Summary

Why is it so hard to achieve diversity in the workplace despite expensive policies on diversity and genuinely motivated managers that want to see more diversity in the workplace? The answer may lie in the economic pressures that make it difficult for most firms to leverage diversity to a competitive advantage.

Note: The opinions stated here are my own, not those of Google

By treating diversity management as a cost-benefit tradeoff that is dependent on the culture and history of each firm, we can see that the ability to achieve diversity at a strategic advantage is limited by institutional factors that make it difficult for managers to move away from. Achieving a strategy where diversity comes only with benefits and no costs is difficult and may not even be possible for most firms. …


Note: The opinions stated here are my own, not those of Google.

While we take it for granted today that the nerds have taken over, it’s easy to forget that those who write today’s rules were a fringe group of cultural misfits in the 1980s. The nerds and geeks were far from being seen as cute or quirky. Being a geek used to be a bad thing, it could get you beaten up, drowned in a toilet, and definitely meant girls wouldn’t dance with you at the school dance. They weren’t celebrated, they were ridiculed. …


tl;dr — Technology doesn’t disrupt markets, people disrupt markets.

Clayton Christensen was right all along, but we’ve been looking at his theory from the perspective of the firm instead of the perspective of the market. Changing that view has dramatic impact on the usefulness of his theory.

Note: The opinions stated here are my own, not those of Google

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The land rush for new user value explains how companies can capitalize on new technologies far better than the high-risk model of Moonshots.

Christensen’s theory of disruptive innovation has provided useful insights for firms navigating new and changing markets for the past two decades with much discussion in that same period devoted to expanding upon it by explaining and accommodating for certain exemptions from the theory (Uber, big bang disruption, etc.). However, generalizing one specific tenet of the original theory explains many of these apparent exceptions and shows that sustaining and disruptive innovation are more descriptive when also defined in terms of the market’s prioritization of values rather than solely in terms of the incumbent’s competitive strategy. Generalizing disruption to include the market-centric view in addition to the predominant firm-centric view clarifies the competitive nature of disruption and provides new explanations as to why advantage is difficult to attain, even for firms that follow good practices for innovation. …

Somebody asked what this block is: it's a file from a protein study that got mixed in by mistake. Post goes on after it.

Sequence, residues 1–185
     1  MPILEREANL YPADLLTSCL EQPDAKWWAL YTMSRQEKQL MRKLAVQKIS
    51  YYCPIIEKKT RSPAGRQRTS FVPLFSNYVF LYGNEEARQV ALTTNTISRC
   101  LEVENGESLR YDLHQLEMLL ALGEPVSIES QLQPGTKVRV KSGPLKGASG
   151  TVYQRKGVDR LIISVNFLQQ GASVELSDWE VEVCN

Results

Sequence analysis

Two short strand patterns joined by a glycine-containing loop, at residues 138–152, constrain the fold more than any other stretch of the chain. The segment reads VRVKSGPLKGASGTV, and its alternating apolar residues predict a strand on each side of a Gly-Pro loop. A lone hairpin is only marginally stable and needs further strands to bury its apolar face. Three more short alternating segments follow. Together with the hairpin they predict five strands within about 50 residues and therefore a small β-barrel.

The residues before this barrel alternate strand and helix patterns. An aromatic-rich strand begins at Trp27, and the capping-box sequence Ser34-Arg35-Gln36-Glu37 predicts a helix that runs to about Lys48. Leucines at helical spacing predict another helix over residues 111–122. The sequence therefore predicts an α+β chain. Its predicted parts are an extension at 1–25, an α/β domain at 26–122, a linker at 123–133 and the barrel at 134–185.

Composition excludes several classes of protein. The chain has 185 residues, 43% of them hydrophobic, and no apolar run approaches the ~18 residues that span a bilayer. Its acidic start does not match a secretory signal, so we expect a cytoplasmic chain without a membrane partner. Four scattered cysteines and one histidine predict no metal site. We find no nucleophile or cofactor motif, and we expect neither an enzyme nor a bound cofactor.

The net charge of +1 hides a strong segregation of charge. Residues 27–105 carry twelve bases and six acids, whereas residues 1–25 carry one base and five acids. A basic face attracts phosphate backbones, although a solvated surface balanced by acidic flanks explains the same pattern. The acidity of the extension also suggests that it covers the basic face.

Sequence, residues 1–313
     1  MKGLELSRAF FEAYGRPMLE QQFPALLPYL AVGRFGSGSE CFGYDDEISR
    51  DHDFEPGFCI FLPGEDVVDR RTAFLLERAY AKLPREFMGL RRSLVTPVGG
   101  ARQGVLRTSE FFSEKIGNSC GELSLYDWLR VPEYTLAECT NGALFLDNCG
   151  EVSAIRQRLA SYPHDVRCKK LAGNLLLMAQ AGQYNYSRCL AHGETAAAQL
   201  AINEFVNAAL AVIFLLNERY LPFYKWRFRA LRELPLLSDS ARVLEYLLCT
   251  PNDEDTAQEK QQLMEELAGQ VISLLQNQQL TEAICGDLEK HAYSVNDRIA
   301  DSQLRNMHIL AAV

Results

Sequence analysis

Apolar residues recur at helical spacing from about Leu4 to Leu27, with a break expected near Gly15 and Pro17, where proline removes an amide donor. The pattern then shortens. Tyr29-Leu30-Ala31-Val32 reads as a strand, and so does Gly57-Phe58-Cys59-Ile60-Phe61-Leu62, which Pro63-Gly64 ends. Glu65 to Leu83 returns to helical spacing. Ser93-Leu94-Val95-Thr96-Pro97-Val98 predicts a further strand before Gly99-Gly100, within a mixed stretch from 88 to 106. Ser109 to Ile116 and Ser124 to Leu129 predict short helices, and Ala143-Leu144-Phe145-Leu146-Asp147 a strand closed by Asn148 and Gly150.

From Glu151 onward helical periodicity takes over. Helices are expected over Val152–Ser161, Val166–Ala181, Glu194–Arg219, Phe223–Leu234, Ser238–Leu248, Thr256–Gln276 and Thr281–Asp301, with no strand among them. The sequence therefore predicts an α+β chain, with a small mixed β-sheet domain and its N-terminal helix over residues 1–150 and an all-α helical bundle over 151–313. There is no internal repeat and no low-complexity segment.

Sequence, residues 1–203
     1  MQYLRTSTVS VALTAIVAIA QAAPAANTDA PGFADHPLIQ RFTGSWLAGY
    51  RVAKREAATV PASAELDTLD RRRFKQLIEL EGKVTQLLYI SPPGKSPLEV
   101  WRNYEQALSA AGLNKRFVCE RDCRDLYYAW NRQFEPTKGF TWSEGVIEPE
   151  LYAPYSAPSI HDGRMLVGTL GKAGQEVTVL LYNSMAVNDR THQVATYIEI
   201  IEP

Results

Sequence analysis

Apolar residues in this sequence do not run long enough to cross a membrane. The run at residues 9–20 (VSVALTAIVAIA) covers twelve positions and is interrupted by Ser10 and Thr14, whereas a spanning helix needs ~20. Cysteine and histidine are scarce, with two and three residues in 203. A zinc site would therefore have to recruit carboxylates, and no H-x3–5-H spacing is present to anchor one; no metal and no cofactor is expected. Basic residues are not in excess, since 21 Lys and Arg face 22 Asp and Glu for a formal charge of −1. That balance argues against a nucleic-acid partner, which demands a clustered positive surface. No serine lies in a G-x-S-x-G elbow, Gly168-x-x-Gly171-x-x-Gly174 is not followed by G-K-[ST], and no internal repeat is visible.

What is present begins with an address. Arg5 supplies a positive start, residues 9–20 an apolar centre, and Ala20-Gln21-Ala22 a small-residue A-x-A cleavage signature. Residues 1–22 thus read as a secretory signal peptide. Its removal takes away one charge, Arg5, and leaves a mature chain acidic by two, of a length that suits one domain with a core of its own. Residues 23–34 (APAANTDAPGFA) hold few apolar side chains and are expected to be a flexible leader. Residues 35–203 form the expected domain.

Note: The opinions stated here are my own, not those of Google.

While we take it for granted today that the nerds have taken over, it’s easy to forget that those who write today’s rules were a fringe group of cultural misfits in the 1980s. The nerds and geeks were far from being seen as cute or quirky. Being a geek used to be a bad thing, it could get you beaten up, drowned in a toilet, and definitely meant girls wouldn’t dance with you at the school dance. They weren’t celebrated, they were ridiculed. …


Magical Internet Blockchain Robots is a series that describes the capabilities of the blockchain without going into how it works. This edition explains how the future of online dating with blockchain tech can change the way we see and use privacy forever.

Note: The opinions stated here are my own, not those of Google.

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The current generation of public regrets has nothing on the coming generation of permanently immutable regrets. Millennials may be used to the idea of a Facebook post ruining their social lives, but the central source of control over these posts give some level of responsibility to the company that stores the content. …


The most advanced privacy method known to mankind could soon be publicly available to anyone and everyone.

Note: The opinions stated here are my own, not those of Google.

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From the infamous Orson Wells’ “The third man”… it will make sense by the end of the post.

Explaining crypto with magical internet blockchain robots.

Crypto and blockchain are still in their infancy by commercial technology standards. The blockchain community can’t even build a decent digital ponzi scheme without getting repeatedly hacked and even using Metamask is too confusing for the average muggle. In order to move the ecosystem forward, there needs to be a better method of describing how these products work and what their capabilities are.

If product managers and designers are willing to trust these new technologies without having to completely understand them, then we can treat them as a black box with particular capabilities. Since Clarke’s third law states “Any sufficiently advanced technology is indistinguishable from magic,” I have adopted the model of a magical internet blockchain robot to explain some of the more advanced capabilities of the decentralized web. …

About

Cameron Rout

Product Manager at Google | Crypto Enthusiast

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